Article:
During the American Revolution, defeats were plentiful. By September of 1777, British forces captured the United States capital which was Philadelphia. After he failed to retake the city, General George Washington led his 12,000-man Army into winter quarters at Valley Forge which is located about 20 miles northwest of Philadelphia. Of course the Continental Congress had fled Philadelphia and were about one step ahead of British troops who swore an oath to hang everyone who signed the Declaration of Independence.
With a third of his 12,000 men without shoes, their feet wrapped in rags, George Washington lead his Army into Valley Forge just before Christmas in 1777. It was in Valley Forge on December 19th that the Continental Army and George Washington would change the course of history and reverse the course of the war which was not going well for America.
Upon arriving in Valley Forge, Washington ordered his men to build wood huts as shelters for the long winter months ahead. To do this, his men cleared 16 by 14 foot square dugout to build their shelters on. They dug two feet into the ground to remove the permafrost. Using logs for the walls, they also gathered stones for makeshift fire-pits that really didn't resemble fireplaces. The dirt floors of the huts were used to sleep 12 men each. With openings but no actual doors to block the freezing cold, the men attempted to keep the frigid air out with the use of blankets and canvas placed over the doors. It is believed that 1,300 to 1,600 huts were constructed.
In 1777, the Continental Congress was seen as making all sorts of empty promises when it came to supporting the Continental Army. Support for General Washington had dwindled in Congress after a series of brutal losses that year. So much so that Congress reorganized the Board of War and stripped the Commander in Chief of some of his authority.
And while this was going on, Washington's Army lacked equipment. But worse, thanks to an indecisive Congress, the American Army was starving. It was a miserably desperate situation for General Washington. While battling the British, he was also fighting Congress, His men went hungry as promised food provisions were withheld. Knowing that Congress may let them starve before acting, Washington's men competed with the British while foraging for wild game. Of course, because of they were competing for what game was available, soon game too became scarce.
Washington used Valley Forge as a defensive position to re-group, train, and reorganize his units. It was also a place from which he was able to keep an eye on British troops. That was the number one reason that Valley Forge was selected by Washington as a place to winter his Army.
It's said that Congress either didn't care about the situation taking place at Valley Forge, or simply thought that Washington was exaggerating the horrible conditions. Fact is, what took place there was horrible indeed. Washington's men were starving, malnourished, battle weary, discouraged, and feeling betrayed by Congress.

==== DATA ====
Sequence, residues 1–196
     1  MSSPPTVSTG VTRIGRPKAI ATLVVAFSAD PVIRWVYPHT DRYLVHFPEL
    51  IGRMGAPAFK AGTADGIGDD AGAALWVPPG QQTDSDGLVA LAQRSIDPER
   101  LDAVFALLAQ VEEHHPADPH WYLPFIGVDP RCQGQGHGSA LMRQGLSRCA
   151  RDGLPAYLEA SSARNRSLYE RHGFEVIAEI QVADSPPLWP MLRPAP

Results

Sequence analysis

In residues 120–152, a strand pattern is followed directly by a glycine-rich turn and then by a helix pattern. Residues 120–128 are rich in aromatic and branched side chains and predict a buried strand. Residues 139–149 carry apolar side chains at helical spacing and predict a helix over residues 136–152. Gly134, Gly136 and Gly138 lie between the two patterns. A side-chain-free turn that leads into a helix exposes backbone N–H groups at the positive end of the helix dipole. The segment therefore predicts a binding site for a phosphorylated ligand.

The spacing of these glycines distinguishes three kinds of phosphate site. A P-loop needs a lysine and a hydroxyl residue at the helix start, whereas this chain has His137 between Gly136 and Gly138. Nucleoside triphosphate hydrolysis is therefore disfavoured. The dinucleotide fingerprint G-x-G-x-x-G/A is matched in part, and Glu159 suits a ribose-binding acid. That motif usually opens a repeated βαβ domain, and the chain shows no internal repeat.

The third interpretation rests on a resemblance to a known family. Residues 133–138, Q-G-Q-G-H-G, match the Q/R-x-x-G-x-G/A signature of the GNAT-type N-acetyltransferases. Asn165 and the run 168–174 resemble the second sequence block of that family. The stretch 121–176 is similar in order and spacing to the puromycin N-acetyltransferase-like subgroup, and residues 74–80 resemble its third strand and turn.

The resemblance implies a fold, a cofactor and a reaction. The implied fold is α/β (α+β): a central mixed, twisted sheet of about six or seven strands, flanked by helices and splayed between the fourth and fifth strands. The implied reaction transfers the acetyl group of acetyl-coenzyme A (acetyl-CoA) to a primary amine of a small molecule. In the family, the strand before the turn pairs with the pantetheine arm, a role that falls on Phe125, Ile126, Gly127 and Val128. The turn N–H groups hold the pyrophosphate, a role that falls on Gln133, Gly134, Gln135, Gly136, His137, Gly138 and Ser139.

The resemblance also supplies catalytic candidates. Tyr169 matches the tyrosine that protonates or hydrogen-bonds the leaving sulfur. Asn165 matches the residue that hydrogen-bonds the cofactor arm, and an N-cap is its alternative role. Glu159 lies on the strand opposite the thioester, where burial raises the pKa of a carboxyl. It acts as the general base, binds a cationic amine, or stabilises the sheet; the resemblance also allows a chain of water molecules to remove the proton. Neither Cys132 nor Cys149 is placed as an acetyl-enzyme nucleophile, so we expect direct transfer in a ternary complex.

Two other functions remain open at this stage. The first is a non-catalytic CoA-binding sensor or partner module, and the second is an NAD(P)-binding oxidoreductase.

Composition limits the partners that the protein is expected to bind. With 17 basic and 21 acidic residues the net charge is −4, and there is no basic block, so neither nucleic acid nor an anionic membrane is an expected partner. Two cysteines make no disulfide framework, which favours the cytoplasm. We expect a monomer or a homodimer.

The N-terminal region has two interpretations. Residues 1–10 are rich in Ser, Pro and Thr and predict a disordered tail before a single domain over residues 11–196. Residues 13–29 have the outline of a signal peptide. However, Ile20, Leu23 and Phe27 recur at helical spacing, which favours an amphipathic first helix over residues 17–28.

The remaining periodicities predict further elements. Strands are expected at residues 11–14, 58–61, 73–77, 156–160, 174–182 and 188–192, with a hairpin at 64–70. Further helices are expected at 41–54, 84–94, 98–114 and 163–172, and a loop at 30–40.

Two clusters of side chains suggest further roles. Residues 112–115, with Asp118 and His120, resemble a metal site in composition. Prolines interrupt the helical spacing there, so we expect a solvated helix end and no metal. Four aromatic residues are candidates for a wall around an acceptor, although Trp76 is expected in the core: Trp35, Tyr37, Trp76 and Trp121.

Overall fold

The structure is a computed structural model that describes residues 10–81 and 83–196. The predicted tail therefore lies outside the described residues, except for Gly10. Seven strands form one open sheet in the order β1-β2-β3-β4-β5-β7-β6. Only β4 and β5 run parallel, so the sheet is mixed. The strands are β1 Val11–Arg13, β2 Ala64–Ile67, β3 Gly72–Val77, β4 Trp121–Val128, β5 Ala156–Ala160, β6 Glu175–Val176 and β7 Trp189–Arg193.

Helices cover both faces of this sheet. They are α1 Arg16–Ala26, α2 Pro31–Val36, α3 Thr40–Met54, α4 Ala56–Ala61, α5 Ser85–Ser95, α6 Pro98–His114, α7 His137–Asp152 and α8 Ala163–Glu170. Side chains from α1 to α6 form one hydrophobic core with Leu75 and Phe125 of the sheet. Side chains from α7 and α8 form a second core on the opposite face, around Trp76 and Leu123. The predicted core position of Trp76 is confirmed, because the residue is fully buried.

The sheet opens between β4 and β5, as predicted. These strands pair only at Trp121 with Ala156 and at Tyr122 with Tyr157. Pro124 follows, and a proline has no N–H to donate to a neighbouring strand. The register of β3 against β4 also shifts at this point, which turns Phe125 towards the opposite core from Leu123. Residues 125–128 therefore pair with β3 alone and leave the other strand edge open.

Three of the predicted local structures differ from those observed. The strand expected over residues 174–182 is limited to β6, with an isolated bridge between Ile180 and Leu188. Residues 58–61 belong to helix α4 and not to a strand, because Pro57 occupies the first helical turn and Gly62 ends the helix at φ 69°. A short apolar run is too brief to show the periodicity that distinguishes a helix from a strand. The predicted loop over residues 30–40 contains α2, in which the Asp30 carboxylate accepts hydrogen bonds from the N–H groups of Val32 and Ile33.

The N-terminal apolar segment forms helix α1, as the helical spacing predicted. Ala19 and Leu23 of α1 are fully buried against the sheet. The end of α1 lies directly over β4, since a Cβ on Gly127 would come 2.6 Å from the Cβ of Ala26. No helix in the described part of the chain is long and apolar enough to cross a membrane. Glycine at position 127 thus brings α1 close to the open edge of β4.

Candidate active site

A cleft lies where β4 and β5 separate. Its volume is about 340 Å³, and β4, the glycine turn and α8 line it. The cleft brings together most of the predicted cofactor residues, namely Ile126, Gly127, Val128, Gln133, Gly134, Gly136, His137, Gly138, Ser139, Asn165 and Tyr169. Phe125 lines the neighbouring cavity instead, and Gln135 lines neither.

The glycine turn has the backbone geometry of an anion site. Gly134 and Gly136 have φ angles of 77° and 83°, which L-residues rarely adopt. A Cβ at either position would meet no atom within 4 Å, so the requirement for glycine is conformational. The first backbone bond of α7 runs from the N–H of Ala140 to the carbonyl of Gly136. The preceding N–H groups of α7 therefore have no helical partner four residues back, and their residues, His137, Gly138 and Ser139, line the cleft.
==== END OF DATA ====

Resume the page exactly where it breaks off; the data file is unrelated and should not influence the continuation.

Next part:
As General Washington saw things unfold and get worse, some say that during the Christmas of 1777 that he became despondent over their fate. I really believe that those who say such things really don't understand who Washington was a man. They don't understand what sustained him through the hardest of times. He was deeply spiritual, and his faith gave him strength.
Whether merely a myth or not, there's the story about General Washington in prayer. That story has to do with the Potts family who actually owned the land at Valley Forge. It was their land which Washington choose to regroup and winter on. During his time there, Washington requisitioned the Potts family home, some say it was the Potts family business, to use as his headquarters at Valley Forge.
The story goes that while Isaac Potts was initially a British loyalist because he had felt that the British were simply too strong a power to go up against, his opinion changed after observing Washington and the other officers train the troops there. And among other things, Potts saw that Washington was a religious man, a good Christian.
Potts supposedly later recalled, "It was a most distressing time of the war. All were giving up the ship but that great and good man. In that woods, I heard a plaintive sound, as of a man at prayer. I tied my horse to a sapling and went quietly into the woods and to my astonishment I saw the great George Washington on his knees alone, with his sword on one side and his cocked hat on the other. He was at prayer to the God of the Armies, beseeching to interpose with his Divine aid, as it was a crisis, and the cause of the country, of humanity and of the world. Such a prayer I never heard from the lips of man. I left him alone praying. I went home and told my wife I saw a sight and heard today what I never saw or heard before. We never though a man could be a soldier and a Christian, but if there is one in the world, it is Washington."